Electrical stimulation of human corticospinal axons at the level of the lumbar spinal segments.

Škarabot, Jakob, Ansdell, Paul, Brownstein, Callum, Thomas, Kevin, Howatson, Glyn, Goodall, Stuart and Durbaba, Rade (2019) Electrical stimulation of human corticospinal axons at the level of the lumbar spinal segments. European Journal of Neuroscience, 49 (10). pp. 1254-1267. ISSN 0953-816X

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Official URL: https://doi.org/10.1111/ejn.14321

Abstract

Electrical stimulation over the mastoids or thoracic spinous processes has been used to assess subcortical contribution to corticospinal excitability, but responses are difficult to evoke in the resting lower limbs or are limited to only a few muscle groups. This might be mitigated by delivering the stimuli lower on the spinal column, where the descending tracts contain a greater relative density of motoneurons projecting to lower limb muscles. We investigated activation of the corticospinal axons innervating tibialis anterior (TA) and rectus femoris (RF) by applying a single electrical stimulus over the first lumbar spinous process (LS). LS was paired with transcranial magnetic stimulation (TMS) at interstimulus intervals (ISIs) of −16 (TMS before LS) to 14 ms (LS before TMS). The relationship between muscle contraction strength (10-100% maximal) and the amplitude of single pulse TMS and LS responses were also investigated. Compared to the responses to TMS alone, responses to paired stimulation were significantly occluded in both muscles for ISIs ≥–8 ms (p≤0.035), consistent with collision of descending volleys from TMS with antidromic volleys originating from LS. This suggests that TMS and LS activate some of the same corticospinal axons. Additionally, the amplitude of TMS and LS responses increased with increasing contraction strengths with no change in onset latency, suggesting responses to LS are evoked transsynaptically and have a monosynaptic component. Taken together, these experiments provide evidence that LS is an alternative method that could be used to discern segmental changes in the corticospinal tract when targeting lower limb muscles.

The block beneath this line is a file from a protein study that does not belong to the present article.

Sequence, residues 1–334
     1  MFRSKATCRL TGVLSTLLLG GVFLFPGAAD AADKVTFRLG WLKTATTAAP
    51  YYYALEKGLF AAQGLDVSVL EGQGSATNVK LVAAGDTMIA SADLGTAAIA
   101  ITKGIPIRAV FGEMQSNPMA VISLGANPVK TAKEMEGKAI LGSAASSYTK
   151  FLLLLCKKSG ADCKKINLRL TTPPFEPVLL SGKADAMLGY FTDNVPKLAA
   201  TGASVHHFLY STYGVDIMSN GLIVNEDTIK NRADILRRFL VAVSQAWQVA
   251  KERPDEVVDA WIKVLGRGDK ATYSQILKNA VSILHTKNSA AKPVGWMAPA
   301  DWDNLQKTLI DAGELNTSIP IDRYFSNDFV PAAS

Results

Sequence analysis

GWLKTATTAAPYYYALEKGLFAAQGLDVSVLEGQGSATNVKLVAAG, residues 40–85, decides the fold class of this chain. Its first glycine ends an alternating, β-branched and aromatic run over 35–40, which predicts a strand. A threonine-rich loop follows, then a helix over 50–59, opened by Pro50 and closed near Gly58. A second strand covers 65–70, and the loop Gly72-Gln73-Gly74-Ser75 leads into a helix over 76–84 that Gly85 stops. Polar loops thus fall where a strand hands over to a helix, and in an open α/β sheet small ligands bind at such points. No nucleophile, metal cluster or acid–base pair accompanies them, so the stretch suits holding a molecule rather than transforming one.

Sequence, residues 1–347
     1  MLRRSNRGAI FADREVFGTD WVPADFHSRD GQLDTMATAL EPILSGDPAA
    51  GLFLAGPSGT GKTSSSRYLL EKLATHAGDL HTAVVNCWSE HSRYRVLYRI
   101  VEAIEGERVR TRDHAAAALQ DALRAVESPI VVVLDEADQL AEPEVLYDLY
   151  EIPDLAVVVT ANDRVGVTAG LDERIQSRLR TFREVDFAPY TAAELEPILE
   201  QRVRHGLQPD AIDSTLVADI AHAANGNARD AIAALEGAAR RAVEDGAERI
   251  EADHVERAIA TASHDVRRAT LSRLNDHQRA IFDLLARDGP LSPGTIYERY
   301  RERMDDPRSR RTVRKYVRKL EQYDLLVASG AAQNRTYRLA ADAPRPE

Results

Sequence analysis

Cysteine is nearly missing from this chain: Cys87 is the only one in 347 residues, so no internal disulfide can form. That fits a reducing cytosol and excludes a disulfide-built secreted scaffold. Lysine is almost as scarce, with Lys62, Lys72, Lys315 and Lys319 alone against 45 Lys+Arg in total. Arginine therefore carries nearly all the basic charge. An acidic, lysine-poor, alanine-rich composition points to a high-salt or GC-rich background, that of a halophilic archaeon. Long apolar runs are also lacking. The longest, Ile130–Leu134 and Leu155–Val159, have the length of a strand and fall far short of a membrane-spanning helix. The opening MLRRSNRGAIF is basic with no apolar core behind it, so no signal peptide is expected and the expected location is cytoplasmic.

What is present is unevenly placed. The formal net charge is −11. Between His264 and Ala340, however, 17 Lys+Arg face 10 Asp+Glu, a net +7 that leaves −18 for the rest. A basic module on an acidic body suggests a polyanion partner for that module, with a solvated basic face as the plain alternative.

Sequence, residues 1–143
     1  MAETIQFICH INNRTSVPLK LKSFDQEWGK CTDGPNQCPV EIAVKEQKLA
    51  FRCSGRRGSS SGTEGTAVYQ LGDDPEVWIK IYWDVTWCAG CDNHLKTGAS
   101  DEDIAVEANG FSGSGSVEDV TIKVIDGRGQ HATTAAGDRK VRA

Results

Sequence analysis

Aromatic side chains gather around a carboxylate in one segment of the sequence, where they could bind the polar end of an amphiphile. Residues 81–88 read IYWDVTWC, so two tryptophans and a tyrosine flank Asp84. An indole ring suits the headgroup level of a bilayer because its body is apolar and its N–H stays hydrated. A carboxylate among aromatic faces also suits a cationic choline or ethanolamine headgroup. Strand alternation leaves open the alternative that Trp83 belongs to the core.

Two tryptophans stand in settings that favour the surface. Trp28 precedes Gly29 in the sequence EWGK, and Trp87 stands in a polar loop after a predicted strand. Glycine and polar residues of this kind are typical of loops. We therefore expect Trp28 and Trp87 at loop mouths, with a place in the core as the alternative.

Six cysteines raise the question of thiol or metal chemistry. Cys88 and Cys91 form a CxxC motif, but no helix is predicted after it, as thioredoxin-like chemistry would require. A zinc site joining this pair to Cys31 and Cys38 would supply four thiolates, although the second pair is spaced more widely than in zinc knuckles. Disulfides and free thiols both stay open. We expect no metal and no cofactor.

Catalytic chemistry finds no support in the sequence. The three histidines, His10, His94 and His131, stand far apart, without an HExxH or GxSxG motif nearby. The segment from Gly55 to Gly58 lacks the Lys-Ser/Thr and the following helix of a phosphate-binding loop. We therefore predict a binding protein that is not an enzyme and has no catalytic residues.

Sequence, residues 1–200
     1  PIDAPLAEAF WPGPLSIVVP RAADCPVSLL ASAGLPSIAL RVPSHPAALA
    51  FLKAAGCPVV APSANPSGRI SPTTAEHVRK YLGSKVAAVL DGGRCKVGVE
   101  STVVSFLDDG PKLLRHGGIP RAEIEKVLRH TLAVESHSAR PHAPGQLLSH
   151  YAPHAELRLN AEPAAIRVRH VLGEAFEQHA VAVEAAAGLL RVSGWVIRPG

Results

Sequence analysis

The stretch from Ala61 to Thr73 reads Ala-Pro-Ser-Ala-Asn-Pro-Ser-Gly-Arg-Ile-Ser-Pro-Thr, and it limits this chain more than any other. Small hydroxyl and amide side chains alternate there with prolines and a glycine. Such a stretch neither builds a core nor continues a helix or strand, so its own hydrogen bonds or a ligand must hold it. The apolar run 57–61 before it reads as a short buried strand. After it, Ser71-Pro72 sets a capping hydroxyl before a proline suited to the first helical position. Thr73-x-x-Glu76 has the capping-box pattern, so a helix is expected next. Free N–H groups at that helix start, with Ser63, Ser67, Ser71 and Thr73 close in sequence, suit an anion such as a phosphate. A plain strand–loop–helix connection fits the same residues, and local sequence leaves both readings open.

Item Type: Article
Subjects: B100 Anatomy, Physiology and Pathology
C600 Sports Science
Department: Faculties > Health and Life Sciences > Applied Sciences
Faculties > Health and Life Sciences > Sport, Exercise and Rehabilitation
Depositing User: Becky Skoyles
Date Deposited: 20 Dec 2018 08:49
Last Modified: 11 Oct 2019 13:31
URI: http://nrl.northumbria.ac.uk/id/eprint/37383

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